Real Simple

He Promised to Love, Honor, and Respect… His Wife’s Color Choices


IT WAS A TUESDAY. In April. One of those warm, sunny spring days that make a a different house paint color than the one he and his wife had decided on.

Steve and I had been living in our forever home for three years, and the time had come to paint the exterior. It was something I’d been looking forward to, considerin­g the booger-green hue was the only thing I didn’t like about our home when we bought it.

Knowing you should only paint a house in our area every seven or so years, Steve and I had not made the color decision lightly.

I had driven, jogged, and walked around our neighborho­od, coming to appreciate a pale-yellow-with-whitetrim combo that looked lovely against the summer trees and projected a patient hope in the gray days of March. In April, the dogwoods would bloom in front of this ever-so-light butter yellow and lift my heart.

I’d just renovated our kitchen, and I was well schooled that white is not white and yellow is not yellow. So intimidate­d was I by the stacks of paint cards that I hired my interior designer to consult on our color choices.

Paint chips were mailed back and forth. Yellows were discussed at length, held up against the whites, looked at outside to see how they fared in the harsh light of morning and the warm glow of dusk. Steve was brought outside to agree.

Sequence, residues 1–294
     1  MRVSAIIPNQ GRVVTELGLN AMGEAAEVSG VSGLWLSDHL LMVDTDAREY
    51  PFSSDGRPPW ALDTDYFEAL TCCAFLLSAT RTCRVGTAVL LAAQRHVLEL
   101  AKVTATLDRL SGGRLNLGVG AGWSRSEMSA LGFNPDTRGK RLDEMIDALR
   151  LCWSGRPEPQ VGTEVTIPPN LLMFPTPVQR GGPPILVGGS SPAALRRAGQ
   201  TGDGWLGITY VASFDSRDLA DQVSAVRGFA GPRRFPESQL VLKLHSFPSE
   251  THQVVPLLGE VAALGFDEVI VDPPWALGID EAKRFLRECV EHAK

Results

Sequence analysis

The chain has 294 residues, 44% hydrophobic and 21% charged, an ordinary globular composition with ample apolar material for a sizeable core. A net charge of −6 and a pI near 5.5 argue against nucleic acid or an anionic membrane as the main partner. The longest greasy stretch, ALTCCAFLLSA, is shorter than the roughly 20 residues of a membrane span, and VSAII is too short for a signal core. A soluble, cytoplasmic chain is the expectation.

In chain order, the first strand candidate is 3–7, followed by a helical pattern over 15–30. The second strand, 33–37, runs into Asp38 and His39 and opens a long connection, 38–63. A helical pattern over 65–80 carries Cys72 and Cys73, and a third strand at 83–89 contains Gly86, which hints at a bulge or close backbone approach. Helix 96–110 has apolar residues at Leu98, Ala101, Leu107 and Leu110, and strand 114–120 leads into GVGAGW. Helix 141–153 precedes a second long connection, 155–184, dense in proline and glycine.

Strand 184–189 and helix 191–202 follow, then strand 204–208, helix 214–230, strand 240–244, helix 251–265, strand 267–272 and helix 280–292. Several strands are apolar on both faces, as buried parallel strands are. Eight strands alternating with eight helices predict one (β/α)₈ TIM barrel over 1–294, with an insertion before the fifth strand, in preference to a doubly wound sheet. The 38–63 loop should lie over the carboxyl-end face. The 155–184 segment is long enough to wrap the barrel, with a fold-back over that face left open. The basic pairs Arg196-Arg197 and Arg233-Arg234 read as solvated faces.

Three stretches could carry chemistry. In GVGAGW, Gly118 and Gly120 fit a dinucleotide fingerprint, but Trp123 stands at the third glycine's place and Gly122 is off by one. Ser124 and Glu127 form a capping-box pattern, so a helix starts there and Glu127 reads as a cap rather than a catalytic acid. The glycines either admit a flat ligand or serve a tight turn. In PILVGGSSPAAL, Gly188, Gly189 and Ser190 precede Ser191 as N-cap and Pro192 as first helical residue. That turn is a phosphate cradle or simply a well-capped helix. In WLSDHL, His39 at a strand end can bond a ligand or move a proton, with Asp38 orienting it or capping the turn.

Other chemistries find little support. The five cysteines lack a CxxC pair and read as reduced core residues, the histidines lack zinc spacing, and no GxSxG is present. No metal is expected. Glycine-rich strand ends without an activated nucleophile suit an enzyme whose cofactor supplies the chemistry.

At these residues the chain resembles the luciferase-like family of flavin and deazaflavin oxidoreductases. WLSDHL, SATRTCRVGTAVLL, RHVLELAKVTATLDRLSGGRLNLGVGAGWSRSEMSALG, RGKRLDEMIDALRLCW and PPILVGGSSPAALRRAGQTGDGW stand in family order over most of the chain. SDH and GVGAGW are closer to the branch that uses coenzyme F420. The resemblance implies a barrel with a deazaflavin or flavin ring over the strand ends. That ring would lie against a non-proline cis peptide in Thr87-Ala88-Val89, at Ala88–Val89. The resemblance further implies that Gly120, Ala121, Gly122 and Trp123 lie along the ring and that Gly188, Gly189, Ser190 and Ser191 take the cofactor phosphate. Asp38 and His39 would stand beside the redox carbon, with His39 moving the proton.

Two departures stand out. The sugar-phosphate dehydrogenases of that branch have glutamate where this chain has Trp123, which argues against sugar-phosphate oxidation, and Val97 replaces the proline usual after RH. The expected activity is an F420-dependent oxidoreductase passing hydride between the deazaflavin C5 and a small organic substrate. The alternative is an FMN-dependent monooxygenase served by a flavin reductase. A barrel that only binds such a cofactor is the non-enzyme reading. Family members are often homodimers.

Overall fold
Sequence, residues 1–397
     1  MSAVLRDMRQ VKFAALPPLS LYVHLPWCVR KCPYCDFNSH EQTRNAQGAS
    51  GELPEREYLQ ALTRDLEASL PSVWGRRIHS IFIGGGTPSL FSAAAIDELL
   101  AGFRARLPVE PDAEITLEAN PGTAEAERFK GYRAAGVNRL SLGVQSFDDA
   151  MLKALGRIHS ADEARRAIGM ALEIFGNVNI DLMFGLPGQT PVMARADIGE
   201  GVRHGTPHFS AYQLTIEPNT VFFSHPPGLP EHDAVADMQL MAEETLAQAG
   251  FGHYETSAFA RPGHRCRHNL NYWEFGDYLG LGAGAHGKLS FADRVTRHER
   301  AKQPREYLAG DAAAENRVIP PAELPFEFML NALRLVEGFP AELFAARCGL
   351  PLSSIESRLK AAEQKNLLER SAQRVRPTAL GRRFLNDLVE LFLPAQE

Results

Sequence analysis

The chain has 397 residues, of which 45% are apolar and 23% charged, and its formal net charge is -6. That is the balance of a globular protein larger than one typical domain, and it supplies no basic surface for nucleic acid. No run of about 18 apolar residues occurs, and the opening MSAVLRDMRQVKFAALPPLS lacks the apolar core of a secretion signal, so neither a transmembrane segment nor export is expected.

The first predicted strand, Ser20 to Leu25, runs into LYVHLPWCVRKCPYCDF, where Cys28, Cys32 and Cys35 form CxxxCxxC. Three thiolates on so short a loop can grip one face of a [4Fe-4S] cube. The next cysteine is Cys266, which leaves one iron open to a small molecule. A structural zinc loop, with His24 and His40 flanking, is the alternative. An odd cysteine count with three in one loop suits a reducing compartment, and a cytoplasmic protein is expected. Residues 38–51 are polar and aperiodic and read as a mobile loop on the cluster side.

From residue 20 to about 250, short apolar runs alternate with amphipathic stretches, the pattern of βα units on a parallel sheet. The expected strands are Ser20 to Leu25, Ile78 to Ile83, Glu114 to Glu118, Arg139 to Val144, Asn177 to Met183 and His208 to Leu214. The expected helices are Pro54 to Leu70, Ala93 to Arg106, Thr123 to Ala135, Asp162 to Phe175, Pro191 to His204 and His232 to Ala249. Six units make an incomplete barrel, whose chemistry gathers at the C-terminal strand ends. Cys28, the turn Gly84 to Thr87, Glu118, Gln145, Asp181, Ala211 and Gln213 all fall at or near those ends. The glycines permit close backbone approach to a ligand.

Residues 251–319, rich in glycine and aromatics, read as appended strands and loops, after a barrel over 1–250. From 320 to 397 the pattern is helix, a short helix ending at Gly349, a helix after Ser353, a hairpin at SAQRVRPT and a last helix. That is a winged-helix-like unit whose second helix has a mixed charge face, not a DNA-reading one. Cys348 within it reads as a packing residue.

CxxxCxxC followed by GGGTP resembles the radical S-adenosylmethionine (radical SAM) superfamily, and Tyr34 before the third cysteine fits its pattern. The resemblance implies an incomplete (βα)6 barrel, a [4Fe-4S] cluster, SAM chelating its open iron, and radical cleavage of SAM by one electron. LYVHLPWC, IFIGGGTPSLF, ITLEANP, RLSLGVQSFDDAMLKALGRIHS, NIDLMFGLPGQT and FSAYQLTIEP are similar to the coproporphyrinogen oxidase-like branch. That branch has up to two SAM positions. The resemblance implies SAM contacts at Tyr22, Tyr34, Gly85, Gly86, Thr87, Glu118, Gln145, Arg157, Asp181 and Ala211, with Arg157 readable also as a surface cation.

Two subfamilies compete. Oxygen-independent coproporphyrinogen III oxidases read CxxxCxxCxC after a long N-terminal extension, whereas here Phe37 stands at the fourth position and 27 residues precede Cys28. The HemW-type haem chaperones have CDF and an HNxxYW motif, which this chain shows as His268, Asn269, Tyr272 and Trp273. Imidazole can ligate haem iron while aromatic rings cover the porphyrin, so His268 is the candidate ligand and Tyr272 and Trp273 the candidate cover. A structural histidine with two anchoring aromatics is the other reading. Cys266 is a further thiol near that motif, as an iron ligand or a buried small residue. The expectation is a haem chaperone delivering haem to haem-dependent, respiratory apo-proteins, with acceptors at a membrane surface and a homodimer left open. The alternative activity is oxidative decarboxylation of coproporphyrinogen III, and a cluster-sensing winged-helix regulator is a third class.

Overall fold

We hired painters, and on the day the stripping was finished and the colors were to be applied, Steve drove to the Home Depot with the exact names, numbers, and paint chips. I left for work and suggested he bring Lori, our babysitter, along for the ride.

What happened at the paint counter shall remain a puzzle never to be solved. Someone—Steve? Lori? The paint-mixing specialist?—looked at the chosen yellow-and-white combo and suggested that the contrast was too subtle. The yellow was so light that it was almost white, and certainly this would not look good. The three of them—a group that did not include me or the designer I’d hired—made a gametime decision that a brighter, “more lemony” yellow would be preferable. Thirty gallons of the lemon choice were mixed, shaken, and purchased.

I did not cry when I arrived home to find the painting in progress. I did not yell. I did not call a divorce attorney. I looked at Lori’s and Steve’s beaming faces (they had saved the day, you see) and I did the math. It wasn’t the cost of buying the right paint that stopped me from doing anything other than smile. It was the price of having Steve and Lori know the depth of my anger, and my dislike for the lemon they’d chosen—when they were standing there anticipati­ng how happy they’d made me.

“It’s just a little sunnier, brighter. Better, don’t you think?” Steve asked, Lori grinning, the painters watching me expectantl­y, their supervisor lifting his eyes (but not his head) from his phone.

I decided in that moment to not hate the yellow. In a show of emotional maturity I’d never managed before—and haven’t mustered since—I smiled, breathed in deeply, and said, “It’s lovely.”

 ?? Photograph by Ari Michelson ??
Photograph by Ari Michelson

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